Best aggregating live blogs I've been reading are Huffington Post, NYT's The Lede, and Andrew Sullivan. If you've looked at any of the grainy videos coming out today of the street skirmishes you may have wondered why there were so many fires in the streets, usually fueled by cardboard. It's to dissipate the tear gas.

I'm just in awe of the people who are confronting armed security forces.

Thursday, June 18, 2009

Revolution against Media

Lefty journalist Al Giordano:

Finally, let me also explain why this reporter, who has long focused exclusively on events in this hemisphere, is so interested and captivated by the events in Iran, and writing about them here.

Ever since I penned The Medium Is the Middleman: For a Revolution Against Media, I’ve been waiting for this moment, which I predicted, twelve years ago, would come: a great day when the corporate media got pushed out of the way by authentic media from below. What is occurring worldwide, with the Iranian crisis as catalyst, is the emergence of the very kind of media from below that the human race - particularly the working class and the poor - so desperately needs.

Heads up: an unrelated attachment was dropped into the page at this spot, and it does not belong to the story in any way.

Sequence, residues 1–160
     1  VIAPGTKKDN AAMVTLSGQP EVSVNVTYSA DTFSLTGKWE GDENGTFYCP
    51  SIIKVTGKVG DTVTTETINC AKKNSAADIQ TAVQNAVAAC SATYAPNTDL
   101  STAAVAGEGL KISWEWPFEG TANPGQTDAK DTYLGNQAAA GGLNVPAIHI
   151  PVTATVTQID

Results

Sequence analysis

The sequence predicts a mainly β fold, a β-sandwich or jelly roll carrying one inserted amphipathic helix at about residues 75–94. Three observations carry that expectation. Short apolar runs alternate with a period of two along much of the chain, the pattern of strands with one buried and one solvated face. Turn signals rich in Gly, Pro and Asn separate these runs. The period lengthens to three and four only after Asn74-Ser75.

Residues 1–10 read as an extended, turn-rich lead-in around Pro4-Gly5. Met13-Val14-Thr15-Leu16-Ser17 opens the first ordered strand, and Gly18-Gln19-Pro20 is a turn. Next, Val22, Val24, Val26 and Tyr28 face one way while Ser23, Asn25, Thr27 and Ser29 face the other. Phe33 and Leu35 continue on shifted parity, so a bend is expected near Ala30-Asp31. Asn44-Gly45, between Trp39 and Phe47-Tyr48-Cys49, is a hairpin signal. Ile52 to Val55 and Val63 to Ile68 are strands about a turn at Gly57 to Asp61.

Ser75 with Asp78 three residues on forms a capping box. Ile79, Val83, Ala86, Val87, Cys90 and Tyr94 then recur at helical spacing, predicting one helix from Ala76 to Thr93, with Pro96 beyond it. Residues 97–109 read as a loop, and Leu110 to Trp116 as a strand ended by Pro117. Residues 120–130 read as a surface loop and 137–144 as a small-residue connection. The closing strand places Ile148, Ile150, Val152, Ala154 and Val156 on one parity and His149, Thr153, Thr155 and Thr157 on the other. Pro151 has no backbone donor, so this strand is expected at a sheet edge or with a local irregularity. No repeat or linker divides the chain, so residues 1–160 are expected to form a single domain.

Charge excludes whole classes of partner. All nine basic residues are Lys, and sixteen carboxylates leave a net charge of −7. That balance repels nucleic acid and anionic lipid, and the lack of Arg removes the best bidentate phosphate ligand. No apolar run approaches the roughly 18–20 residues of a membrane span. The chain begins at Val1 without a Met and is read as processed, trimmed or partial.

Following these events – including the fast-developing advances in communications strategies and tactics and the efforts from above to censor and cut those communications – provides a gigantic global teach-in and workshop (much like during the 2002 coup attempt in Venezuela) on how it is done. As a journalist, I have always followed the stories that help me to learn something new and important to me. And every hour, I’m learning a new set of tricks from these brave communicators in Iran and around the world: methods and techniques that will serve us in this hemisphere, soon enough, too.